“We’ve done FMT for many years. The standard procedure for FMT is the use of donors from the same household. These donors are put through health screening to prevent pathogens, harmful bacteria, and viruses,” he says. “The risk of pathogen transmission is very real and has been documented with the DIY approach.”
Dr. Maheshwari cites two New York–based immunocompromised patients who were exposed to antibiotic-resistant E. coli bacteria after an FMT procedure. One died.
Furthermore, he says, the literature on FMT for Crohn’s treatment is “extremely controversial, and the results of studies are mixed.”
One 2021 systematic review published in the Journal of Gastroenterology and Hepatology found that while “[p]reliminary studies suggest that FMT may be an effective therapy in Crohn's disease…large controlled trials are needed.” Other findings published in 2020 stated that most of the research done on FMT for IBD focused on UC, not CD.
Researchers have also looked at FMT for treating other conditions, including fatty liver disease, alcoholic liver disease, and celiac disease, Dr. Maheshwari notes. “Again, we believe that there are multiple conditions that may be affected by gut health, and people have postulated that FMT might help, but the data is inconsistent,” he adds. “As a gastroenterologist, the only patient type I'd recommend FMT for is one with C. DIFF recurrent infection.”
Kyle S. Eldredge, DO, a board-certified colorectal surgeon, says that there’s a reason FMT isn’t a go-to CD treatment: “FMT is approved for C. DIFF because that’s a bacterial organism that takes over the microbiota. [However], the issue with Crohn’s is that it’s a systemic autoimmune disease. It doesn't just affect the gut; it has ocular, musculoskeletal, and skin effects.”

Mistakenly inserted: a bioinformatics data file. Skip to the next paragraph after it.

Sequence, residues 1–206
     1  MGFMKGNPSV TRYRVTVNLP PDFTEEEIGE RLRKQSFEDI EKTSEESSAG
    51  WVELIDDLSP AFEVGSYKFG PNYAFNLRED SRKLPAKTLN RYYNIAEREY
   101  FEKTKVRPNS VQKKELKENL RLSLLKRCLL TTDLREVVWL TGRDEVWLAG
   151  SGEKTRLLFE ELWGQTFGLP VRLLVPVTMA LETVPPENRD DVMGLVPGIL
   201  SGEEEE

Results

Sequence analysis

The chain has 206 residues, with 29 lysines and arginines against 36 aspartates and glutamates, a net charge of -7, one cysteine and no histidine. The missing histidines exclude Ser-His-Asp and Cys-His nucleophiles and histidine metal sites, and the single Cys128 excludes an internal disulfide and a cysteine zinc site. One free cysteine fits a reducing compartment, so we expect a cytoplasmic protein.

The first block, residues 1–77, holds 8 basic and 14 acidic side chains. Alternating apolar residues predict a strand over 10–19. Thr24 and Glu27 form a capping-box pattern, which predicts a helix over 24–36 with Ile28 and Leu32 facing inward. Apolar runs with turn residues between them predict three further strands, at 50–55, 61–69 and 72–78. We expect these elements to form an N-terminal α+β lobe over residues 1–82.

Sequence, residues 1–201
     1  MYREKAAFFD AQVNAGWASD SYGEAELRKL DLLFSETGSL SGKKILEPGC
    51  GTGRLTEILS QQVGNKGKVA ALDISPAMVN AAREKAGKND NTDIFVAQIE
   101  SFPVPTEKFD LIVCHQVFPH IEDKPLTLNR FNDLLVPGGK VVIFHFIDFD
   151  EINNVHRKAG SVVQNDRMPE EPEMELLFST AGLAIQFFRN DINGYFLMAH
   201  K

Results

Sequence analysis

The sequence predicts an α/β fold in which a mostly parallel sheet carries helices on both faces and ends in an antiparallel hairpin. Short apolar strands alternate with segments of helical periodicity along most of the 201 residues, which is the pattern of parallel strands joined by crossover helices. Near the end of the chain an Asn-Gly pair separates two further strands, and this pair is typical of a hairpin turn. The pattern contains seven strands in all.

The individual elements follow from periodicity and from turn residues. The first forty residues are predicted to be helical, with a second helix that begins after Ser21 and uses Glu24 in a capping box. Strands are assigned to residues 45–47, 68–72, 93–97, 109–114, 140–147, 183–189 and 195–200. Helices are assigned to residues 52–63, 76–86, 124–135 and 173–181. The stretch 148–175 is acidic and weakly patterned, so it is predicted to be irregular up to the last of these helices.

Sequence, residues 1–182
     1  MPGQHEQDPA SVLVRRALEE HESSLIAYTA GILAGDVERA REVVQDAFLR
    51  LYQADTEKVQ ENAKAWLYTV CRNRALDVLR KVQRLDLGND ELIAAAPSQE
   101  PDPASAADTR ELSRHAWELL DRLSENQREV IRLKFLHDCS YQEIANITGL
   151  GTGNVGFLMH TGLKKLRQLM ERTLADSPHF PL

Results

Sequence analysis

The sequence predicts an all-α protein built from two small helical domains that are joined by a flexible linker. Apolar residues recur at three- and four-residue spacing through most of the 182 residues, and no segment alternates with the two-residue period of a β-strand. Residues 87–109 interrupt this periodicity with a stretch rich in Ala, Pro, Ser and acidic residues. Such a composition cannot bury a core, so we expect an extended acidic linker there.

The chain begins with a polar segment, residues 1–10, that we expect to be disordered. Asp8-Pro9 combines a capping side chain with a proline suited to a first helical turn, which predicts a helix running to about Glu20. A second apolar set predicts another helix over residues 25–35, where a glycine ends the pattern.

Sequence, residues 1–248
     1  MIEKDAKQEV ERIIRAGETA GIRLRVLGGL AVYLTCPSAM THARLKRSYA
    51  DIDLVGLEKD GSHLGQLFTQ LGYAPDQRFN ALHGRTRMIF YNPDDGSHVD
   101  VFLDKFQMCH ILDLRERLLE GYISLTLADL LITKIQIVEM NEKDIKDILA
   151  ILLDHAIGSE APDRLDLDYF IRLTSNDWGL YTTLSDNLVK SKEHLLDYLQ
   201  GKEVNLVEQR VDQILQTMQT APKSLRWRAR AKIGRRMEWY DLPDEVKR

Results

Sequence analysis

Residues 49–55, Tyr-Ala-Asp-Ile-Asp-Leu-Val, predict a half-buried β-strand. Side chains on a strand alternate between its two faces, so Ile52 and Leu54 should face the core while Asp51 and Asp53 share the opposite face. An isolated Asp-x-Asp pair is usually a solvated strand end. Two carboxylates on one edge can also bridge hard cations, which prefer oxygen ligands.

When a patient with CD has limited success with medicine, surgery may be the next best option, Dr. Elderedge says: “We can do surgery to address whatever portion of the GI tract is affected. We can repair or take parts of the small intestine or large intestine out.”
The placebo effect may play a role in the success associated with DIY FMTs, Dr. Maheshwari says. With CD patients, he says, “there seems to be a very strong placebo response. There are significant hormonal changes that affect gut health as well. I’m not saying CD is all in their heads, but things like stress and anxiety trigger hormone productions that can affect gut health in negative ways.”
According to findings from a randomized, double-blind, placebo-controlled study of patients with irritable bowel syndrome ( IBS) published in Gut, patients who received a placebo (versus those who received FMT capsules) “experienced greater symptom relief compared with the FMT group after three months.”
However, another study that looked at both IBS and IBD found that the “size of the placebo response appears to be somewhat higher in IBS than in IBD, but in both cases, the contribution of the spontaneous course of the disease (e.g., spontaneous symptom recovery and remission) may contribute 50% or more to the placebo response.”